Tuesday, July 14, 2020

Temple Tuesday: Shirley and the SF Film Festival



Once Shirley finished her “Storybook” TV shows in 1960, she continued to increase her involvement in volunteerism, which paved the way for her adult political career. Here she is with the 1965 San Francisco Chamber of Commerce Award. At the same time, Shirley had also been appointed to the executive committee of the ninth San Francisco International Film Festival. Not one to just sit back with a title, she was actively involved, both behind the scenes and in front of them. “The Blue Bird,” the 1940 fantasy film that she starred in was revived to positive accolades at the festival. As recalled by reporter Ruthe Stein, not all was so pleasant for Shirley at the Festival:

Before the screening of another film, an aging beatnik with shaggy hair and a scraggly beard fails to stand up with everyone else for the playing of “The Star-Spangled Banner." Seated behind him, the world's most famous former child star jabs the man's shoulder, then hits him even harder. “At last, thoroughly angry, she wound up and gave him a belt that might have jolted Cassius Clay,” columnist Herb Caen reports the next day, "but he didn't even glance back to see who was hitting him. Thoroughly defeated, Shirley Temple Black gave up." A few days later, she's on the phone attempting to reach Roberto Rossellini in Santiago, Chile, to invite him here to accept a festival award for "Open City." When the noted Italian director hears an operator say, “Shirley Temple is calling,” he hangs up, sure it's a joke. The operator calls back with the same message, and he testily says to stop bothering him — at which point Shirley pipes in with, “Tell him Ingrid Bergman is calling.” Rossellini takes the call and promises to come (how can you say no to Little Miss Marker?) but is a no-show.

A year later, the film “Night Games” made the headlines. Directed by Mai Zetterling and starring Ingrid Thulin, it was so controversial that it was shown to the jury in private when it premiered at the Venice International Film Festival.

 

What made even bigger headlines was the effect it had on Shirley, causing her to resign from the SF Film Festival as chair. Temple denounced the film as “pornography for profit” and was against it being shown. In the photo below she reads a statement explaining her resignation because the selection board had endorsed showing “Night Games” which she said merely utilized pornography for profit.

 

A few years later in a 1968 interview Shirley let the public know that she was definitely not a square:

It's not that I'm a prude. I don't mind nudity in a film, and I don't mind sensuality. Today's films are frank and honest and I think that's probably good. What I don't like is pornography — or what I think is pornography — things thrown in just to attract the baseness in people.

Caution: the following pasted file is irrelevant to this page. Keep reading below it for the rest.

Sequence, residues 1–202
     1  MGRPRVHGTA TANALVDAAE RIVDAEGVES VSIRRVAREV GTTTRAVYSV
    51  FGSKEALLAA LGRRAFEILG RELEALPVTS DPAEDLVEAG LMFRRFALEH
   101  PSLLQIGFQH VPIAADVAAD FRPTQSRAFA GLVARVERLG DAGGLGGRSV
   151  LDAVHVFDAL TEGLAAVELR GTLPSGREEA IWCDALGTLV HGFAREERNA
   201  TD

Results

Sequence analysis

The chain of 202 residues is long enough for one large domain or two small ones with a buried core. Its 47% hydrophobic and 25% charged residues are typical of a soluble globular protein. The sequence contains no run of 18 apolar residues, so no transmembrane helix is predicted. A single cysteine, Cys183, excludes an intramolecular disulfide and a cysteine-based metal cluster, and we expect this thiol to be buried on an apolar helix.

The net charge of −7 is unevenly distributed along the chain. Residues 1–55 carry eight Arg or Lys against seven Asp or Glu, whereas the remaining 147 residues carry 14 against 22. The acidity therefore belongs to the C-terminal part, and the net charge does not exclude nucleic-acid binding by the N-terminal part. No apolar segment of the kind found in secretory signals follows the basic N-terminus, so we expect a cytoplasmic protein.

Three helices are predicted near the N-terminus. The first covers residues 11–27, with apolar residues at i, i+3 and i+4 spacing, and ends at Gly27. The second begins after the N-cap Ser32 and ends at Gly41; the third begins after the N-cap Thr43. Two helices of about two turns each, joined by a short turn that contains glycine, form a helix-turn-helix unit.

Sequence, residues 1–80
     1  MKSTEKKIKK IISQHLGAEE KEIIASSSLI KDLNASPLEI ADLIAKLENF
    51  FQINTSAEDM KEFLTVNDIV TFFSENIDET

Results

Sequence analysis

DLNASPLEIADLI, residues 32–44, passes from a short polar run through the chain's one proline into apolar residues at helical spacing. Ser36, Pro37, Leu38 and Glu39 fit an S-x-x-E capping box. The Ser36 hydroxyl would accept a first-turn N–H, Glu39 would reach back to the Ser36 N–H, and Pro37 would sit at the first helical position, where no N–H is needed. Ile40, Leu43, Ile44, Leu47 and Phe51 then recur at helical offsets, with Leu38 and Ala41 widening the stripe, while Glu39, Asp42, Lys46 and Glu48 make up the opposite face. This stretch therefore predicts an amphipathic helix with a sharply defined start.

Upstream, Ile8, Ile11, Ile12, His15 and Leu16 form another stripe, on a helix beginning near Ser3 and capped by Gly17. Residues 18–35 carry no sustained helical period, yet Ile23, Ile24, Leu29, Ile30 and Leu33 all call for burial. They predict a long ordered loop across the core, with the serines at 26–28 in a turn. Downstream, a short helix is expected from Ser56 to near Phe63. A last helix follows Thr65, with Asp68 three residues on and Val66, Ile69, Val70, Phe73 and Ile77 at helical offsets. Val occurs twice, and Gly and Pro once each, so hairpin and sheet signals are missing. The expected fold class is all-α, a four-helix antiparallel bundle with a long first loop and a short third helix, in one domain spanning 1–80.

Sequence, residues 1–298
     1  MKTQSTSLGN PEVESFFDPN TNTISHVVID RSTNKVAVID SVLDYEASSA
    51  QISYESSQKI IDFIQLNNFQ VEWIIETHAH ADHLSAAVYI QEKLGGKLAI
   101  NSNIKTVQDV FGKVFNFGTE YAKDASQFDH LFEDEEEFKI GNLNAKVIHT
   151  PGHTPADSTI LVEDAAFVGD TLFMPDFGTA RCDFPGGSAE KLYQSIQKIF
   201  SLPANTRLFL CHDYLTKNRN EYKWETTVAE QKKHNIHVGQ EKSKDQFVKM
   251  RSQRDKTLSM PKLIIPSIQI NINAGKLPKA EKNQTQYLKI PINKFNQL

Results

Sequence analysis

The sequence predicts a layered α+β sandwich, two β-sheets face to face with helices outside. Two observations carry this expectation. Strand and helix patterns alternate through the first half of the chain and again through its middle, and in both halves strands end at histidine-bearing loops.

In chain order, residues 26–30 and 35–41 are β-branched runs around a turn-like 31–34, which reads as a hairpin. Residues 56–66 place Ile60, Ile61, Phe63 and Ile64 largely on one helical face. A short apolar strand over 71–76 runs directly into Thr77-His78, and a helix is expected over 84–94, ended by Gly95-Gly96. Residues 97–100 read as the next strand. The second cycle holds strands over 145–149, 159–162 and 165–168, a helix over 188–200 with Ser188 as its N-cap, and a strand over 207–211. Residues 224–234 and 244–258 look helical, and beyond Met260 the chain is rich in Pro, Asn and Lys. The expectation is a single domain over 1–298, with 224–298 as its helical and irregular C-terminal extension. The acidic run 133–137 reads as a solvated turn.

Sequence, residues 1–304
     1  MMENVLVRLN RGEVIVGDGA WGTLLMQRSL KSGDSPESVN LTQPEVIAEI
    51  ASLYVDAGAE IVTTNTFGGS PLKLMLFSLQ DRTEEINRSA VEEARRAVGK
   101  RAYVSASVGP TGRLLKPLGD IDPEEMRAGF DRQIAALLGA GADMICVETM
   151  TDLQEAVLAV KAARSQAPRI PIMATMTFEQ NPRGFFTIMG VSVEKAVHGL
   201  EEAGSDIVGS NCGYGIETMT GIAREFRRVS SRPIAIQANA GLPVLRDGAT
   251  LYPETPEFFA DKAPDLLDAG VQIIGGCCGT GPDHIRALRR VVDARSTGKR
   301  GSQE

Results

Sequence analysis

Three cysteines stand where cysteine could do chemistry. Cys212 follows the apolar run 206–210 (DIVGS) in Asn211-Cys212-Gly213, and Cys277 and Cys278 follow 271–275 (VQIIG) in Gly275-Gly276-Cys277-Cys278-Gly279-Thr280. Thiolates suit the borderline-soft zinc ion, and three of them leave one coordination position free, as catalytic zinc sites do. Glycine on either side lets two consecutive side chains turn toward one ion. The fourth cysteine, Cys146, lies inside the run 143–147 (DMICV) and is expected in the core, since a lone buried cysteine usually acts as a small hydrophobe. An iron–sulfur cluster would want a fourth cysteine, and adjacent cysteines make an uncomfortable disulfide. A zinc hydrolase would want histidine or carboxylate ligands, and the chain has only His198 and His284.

She also went on to say that she was sorry that there weren't more purely funny and entertaining movies. She liked the Beatles, and thought pop art was an effort to “tell the world the artists want something different and new” and wasn't against student protests and demonstrations “as long as they are without vulgarity and without violence.” She believed women should take an active part in politics “because they usually aren't tied down with a regular job, and they can stick more to their ideals because they haven't made so many deals with people.” You go, Shirley!

As for “Night Games,” which few remember today…film critic Roger Ebert had this to say about it:

Mai Zetterling's “Night Games” is an absorbing, even brilliant film, but it fails to evoke much of an emotional response. It is a film made entirely in the mind, as if the heart were no concern, and it can be seen that way — as a cold, aloof study of human neurosis. But not for a moment did I care about any of the characters. …It is a movie based almost entirely on technique and intellectual calculation. Miss Zetterling seems to be influenced by Fellini; we get orgies attended by grotesque people who play themselves as if they were trapped inside. And we get the hero, grimly picking his way through this maze, trying to figure out what went wrong. But his problem is the movie’s problem: no heart.

Digressing for a bit, columnist Herb Caen also had a few other amusing Temple Tales that he shared before he passed in 2015:

My most embarrassing situation occurred when I escorted Shirley Temple during the filming of “Mr. Belvedere Goes to College.” Following The Dinner Show in the Sky Room, she turned to me and said, “Aren’t you going to ask me to dance?” I replied that Terpsichore was not my forte and besides she had danced with all the great dancers in Hollywood. She insisted and as we approached the dance floor, I asked her if I could “lead.” She replied with a four-letter word. Following the dancing, we adjourned to the Sky Room bar and I asked her if she would like a Shirley Temple. She pushed me aside and said, “I’ll order the drinks.” And we quaffed down a couple of Stingers in the Rough.

See Shirley Temple more photos at my main website.

2 comments:

Matthew said...

"You go Shirley!" is right!

Interesting post today Dave, as always. I learn so much about a child star I knew so little about.

Always your pal,
Amazon Belle

Daveland said...

Sure beats reading the "news", doesn't it? ;)